They talked about the ‘no smoking’ sign on the Enterprise.

What is it about TOS that makes it look so distinctly 1960s? | Page 12 | The Trek BBS

Once upon a time, not long ago, smoking was so endemic that the notion people wouldn’t smoke in space was absurd. Look where we are now.

This is no paean to celebrate the good times. Equally getting off on the good old days doesn’t take you very far.

Let’s be grateful for my son’s generation, for their values, sensitivity and understanding. Let’s keep up the fight, the pressure, the emotional introspection that maintains improvement.

Can Captains Smoke? New Controversy Erupts on 'Star Trek: Picard' |


Let me know what you think.

Comments, re-tweets and shares are welcome.

See you soon.

Published by rodkersh1948

Trying to understand the world, one emotion at a time.

5 thoughts on “Killer whales, the menopause and my colleague A.

  1. Thanks Dr odd.
    You want to know about menopause? Menopause creeps up and takes you off guard, eventually makes you feel like you’re going mad and then when you’ve hit rock bottom you reflect and retrospectively diagnose it ; from symptoms of being forgetful, sleep deprived, feeling inadequate in professional and personal life, feeling lost.
    Most post menopausal women I know are just like the granny killer whales, they’re the wise, strong people who keep the family going.
    Women experience feelings of shame and guilt throughout their lives and menopause seems to compound this where actually it should be celebrated.

    Liked by 2 people

    1. Hi Shelf, thank you for the very frank description which mirrors what friends and colleagues have described to me. As I said, I didn’t feel comfortable writing this, but probably better to say something and remain silent on the subject.


    2. Thank you so much for this comment. I feel that we don’t talk loudly enough about menopause and the result is that many men are unaware of the pain that comes with peri and post menopause, and women are not prepared for it. I wish more women would talk about menopause so that the awareness spreads.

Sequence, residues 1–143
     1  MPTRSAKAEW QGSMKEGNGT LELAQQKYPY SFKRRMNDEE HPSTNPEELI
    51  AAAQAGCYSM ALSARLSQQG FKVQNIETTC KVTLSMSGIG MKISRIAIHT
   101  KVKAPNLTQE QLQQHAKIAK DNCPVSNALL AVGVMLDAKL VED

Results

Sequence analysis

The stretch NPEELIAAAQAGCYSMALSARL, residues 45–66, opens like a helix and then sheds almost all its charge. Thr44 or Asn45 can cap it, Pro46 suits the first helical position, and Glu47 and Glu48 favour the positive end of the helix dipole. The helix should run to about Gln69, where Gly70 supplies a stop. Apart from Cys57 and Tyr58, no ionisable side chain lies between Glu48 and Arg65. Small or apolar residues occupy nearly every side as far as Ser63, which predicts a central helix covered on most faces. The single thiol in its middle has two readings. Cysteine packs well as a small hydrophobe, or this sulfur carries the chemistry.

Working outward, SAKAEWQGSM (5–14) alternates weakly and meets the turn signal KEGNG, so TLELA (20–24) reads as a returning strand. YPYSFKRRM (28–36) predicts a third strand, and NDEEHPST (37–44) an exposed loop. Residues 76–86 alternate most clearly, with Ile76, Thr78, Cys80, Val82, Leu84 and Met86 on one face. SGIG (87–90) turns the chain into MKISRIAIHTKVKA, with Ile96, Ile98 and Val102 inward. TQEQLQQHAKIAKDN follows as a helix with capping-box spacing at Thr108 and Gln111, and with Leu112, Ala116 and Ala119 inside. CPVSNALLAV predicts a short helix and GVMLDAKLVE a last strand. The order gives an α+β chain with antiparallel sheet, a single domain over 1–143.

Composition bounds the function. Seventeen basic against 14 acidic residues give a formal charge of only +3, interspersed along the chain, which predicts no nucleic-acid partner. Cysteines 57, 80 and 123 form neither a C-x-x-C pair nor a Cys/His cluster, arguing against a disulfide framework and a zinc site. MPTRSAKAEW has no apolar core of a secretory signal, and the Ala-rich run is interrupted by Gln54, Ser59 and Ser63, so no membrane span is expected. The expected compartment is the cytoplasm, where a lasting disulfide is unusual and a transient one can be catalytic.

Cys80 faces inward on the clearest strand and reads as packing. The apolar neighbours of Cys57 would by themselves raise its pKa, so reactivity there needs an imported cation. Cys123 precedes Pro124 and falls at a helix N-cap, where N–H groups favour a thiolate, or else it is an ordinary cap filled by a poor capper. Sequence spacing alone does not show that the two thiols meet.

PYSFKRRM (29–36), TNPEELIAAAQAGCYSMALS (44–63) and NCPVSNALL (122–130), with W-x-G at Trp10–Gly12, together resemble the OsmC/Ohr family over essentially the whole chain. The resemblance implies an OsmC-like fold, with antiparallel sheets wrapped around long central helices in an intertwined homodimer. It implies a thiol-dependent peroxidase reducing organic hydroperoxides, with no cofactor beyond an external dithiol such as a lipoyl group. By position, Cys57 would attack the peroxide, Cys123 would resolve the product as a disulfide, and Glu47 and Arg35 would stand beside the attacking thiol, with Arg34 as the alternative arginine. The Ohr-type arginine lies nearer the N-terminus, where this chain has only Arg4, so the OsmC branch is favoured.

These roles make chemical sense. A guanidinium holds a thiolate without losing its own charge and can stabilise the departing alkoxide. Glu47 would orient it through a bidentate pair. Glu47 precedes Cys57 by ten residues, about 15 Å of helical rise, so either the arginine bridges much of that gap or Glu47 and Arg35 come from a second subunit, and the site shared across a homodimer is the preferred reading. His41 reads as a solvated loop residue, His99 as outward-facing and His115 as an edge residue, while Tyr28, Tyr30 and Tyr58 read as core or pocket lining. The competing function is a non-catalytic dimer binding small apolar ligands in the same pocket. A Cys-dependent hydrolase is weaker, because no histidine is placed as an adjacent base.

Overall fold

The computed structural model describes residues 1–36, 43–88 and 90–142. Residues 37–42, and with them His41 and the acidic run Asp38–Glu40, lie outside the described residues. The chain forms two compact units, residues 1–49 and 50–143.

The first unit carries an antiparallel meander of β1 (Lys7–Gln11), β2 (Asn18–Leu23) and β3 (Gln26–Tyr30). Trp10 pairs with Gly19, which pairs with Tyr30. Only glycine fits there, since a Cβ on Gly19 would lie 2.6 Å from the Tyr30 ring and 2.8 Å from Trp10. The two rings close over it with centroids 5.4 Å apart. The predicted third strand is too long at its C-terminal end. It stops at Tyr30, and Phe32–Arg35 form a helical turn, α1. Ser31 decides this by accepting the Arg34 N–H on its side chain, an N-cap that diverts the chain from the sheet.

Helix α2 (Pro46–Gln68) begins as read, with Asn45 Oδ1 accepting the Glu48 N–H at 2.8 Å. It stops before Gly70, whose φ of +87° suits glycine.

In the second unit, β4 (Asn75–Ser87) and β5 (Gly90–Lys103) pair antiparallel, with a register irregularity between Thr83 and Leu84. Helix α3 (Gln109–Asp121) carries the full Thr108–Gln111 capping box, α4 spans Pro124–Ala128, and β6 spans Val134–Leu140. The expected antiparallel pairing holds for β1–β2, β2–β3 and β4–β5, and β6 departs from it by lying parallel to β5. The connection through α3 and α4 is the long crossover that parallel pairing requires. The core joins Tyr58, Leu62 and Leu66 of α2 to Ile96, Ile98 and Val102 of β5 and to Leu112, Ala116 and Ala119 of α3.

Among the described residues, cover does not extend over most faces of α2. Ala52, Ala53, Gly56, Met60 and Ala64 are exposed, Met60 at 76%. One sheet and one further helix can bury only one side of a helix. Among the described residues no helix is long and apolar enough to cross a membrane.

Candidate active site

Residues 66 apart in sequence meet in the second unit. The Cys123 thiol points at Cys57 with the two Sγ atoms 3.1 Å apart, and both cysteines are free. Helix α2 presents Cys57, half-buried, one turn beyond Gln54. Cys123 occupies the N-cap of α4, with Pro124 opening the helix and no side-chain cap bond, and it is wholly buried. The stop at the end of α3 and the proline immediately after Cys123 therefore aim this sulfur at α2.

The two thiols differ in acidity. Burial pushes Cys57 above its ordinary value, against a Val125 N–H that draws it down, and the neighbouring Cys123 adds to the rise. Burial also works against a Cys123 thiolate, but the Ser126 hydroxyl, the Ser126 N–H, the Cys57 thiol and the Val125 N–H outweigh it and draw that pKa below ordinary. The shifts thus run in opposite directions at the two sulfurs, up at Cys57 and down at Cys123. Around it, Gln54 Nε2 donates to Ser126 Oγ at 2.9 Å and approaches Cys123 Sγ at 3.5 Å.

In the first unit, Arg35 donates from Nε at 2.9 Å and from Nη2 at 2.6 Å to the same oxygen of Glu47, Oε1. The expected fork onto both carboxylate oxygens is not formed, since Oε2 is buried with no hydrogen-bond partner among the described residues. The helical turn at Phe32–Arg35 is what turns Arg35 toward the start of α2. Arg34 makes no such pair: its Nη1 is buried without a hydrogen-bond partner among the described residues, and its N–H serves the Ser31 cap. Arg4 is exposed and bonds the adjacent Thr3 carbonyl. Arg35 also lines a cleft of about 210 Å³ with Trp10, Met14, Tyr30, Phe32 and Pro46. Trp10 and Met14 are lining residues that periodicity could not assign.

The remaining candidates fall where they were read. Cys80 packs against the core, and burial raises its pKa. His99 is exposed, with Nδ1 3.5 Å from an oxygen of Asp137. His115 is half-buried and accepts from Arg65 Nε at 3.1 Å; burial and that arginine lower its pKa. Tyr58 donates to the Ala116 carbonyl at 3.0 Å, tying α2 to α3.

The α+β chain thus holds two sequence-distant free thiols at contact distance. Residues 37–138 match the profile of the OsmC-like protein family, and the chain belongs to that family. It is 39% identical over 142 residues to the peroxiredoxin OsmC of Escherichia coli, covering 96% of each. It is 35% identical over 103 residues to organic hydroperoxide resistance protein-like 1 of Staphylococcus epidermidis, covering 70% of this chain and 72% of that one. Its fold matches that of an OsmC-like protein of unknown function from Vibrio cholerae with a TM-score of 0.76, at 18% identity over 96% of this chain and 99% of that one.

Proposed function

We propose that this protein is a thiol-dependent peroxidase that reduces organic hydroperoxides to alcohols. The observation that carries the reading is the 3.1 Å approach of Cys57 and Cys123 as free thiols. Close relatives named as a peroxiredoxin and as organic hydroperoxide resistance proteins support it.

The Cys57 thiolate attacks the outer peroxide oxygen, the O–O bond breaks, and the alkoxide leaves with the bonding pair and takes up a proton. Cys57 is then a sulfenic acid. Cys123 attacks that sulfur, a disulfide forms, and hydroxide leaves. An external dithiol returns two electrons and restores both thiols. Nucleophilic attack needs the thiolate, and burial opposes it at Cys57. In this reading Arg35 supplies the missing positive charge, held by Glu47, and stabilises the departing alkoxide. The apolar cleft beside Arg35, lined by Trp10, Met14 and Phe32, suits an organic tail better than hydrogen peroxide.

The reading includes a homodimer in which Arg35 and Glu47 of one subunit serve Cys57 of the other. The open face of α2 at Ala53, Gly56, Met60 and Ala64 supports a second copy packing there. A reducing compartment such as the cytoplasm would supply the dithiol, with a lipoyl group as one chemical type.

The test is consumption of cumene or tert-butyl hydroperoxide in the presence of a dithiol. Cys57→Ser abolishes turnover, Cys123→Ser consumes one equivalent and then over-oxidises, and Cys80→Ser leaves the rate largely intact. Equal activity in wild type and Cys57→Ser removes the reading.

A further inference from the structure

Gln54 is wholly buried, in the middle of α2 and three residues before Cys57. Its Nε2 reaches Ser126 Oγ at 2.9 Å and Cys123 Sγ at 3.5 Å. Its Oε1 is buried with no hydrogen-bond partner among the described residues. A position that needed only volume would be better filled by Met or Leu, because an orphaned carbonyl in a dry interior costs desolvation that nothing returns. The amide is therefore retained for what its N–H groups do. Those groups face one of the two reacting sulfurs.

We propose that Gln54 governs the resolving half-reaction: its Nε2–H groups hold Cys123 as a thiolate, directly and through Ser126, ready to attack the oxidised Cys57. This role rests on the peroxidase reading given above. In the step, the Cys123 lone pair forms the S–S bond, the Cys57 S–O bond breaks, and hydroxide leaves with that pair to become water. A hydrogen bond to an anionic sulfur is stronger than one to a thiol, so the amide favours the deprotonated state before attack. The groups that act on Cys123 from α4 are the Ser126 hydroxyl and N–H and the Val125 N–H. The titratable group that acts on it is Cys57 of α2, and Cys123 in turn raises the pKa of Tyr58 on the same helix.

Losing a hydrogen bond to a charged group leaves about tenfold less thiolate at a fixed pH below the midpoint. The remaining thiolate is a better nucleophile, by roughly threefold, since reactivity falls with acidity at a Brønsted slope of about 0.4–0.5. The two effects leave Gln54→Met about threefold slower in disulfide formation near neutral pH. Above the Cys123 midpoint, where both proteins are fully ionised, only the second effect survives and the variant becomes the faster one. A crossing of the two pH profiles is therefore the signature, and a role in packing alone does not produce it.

2. I am a soon-to-be-50 woman, who just complained to her best friends (also perimenopausal women) that the human reproductive system is faulty – it takes two to propagate the species, but one alone pays an incommensurate price for it.

    Interesting about whales. Do perimenopausal whales kill more than others? I should think so, extrapolating from my own constant feeling of rage.

    But yes, the medical system is lackadaisical about female reproductive health. There is no established system for treating maladies around menarche, menstruation, perimenopause, menopause and post menopause. The goto is always either hormone supplement or hysterectomy – if there’s no more uterus to treat, there’s no problem, is there?

    There is woefully inadequate research that has happened in the area of women reproductive health. Compare it to a largely male-malady, like heart attack. The numbers of research papers even today on heart health and uterine health are not even comparable. I suppose we ought to be grateful that at least we are not talking of the wandering uterus anymore.

    Sorry for the long comment. I read the word “menopause” in your fourth line and a fog horn went off inside me.

    Liked by 1 person

    1. Thank you for the thoughts and reply.

      It is always easy for me to blame the medical and nursing schools for their lack of inclusion of these topics in the curriculum.

      In my day, if you could deliver a baby once you received a rubber stamp to move-on to the next specialty.

      Despite more women than men entering medical school in the UK, the system is still very much dominated by men.

      Our beloved patriarchy.

      I promise to keep chipping-away!

      (My son has just passed me ‘The Selfish Gene’ – Richard Dawkins has a chapter on menopause… Will report-back.)

      Liked by 1 person